Zero Coupon Bonds

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Definition: Zero Coupon Bonds

Zero Coupon Bonds are deep discount bonds that do not pay any interest during the lifetime of the bond. It is traded at a discounted value, giving profits when matured when the bond can be redeemed for its complete face value. This is under the assumption of positive time value of money.

Examples of Zero Coupon Bonds include US Treasury Bills, US Savings bonds, etc. ZCBs may be long term or short term investments. Long term zero coupon bonds are for ten to fifteen years while the short term zero coupon bonds are for less than a year and are called Bills. ZCBs can be held till maturity or can be traded in secondary bond markets. US Treasury Bill market is the most liquid and active debt market in the world.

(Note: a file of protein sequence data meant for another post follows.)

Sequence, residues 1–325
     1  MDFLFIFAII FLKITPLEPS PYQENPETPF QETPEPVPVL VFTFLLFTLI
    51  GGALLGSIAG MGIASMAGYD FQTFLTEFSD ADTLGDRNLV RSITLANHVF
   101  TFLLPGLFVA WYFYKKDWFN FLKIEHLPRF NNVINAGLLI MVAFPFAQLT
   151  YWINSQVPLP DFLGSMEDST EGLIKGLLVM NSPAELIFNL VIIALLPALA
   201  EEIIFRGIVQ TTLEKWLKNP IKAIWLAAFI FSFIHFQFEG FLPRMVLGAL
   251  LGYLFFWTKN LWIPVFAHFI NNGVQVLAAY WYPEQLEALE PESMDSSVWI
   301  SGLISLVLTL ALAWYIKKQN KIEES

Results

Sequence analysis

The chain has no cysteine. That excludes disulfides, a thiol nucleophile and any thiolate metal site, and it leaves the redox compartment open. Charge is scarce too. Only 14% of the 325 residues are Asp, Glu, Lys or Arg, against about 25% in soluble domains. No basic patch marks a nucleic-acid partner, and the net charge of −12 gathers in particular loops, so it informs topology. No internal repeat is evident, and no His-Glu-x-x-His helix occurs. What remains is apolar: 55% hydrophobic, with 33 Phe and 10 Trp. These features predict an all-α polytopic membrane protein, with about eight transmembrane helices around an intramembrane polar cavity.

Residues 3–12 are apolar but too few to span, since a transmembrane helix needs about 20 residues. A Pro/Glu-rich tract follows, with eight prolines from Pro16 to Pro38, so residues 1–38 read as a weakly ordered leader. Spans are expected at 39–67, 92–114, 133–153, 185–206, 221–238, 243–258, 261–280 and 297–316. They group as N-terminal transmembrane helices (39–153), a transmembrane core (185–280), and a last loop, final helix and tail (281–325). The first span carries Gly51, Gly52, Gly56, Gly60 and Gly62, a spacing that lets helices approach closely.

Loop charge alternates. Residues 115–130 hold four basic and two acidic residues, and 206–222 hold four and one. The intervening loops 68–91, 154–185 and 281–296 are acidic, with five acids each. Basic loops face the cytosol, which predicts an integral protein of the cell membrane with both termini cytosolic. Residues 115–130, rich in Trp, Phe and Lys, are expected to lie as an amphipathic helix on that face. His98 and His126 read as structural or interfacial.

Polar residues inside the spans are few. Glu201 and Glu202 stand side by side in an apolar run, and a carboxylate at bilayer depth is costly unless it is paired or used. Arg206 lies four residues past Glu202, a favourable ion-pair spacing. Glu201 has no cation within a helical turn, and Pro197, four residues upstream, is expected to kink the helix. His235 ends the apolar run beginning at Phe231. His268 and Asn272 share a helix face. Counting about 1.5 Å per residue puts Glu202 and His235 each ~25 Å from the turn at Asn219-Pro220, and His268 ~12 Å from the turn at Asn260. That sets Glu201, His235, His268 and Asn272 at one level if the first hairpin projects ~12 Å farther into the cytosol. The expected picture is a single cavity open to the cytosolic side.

Pension funds and insurance companies generally deal in ZCBs due to their long term to maturity and high durations of the bonds. Some ZCBs are sold as is while some are repackaged coupon bonds issued by financial institutions. Since the bulk payment comes at the end of maturity, ZCBs are more price-volatile than coupon bearing bonds.

The price of a ZCB is calculated as –

Price = FV / (1 + r)t

Where, FV = Face value at maturity

r = annual yield / 2

t = number of year till maturity * 2


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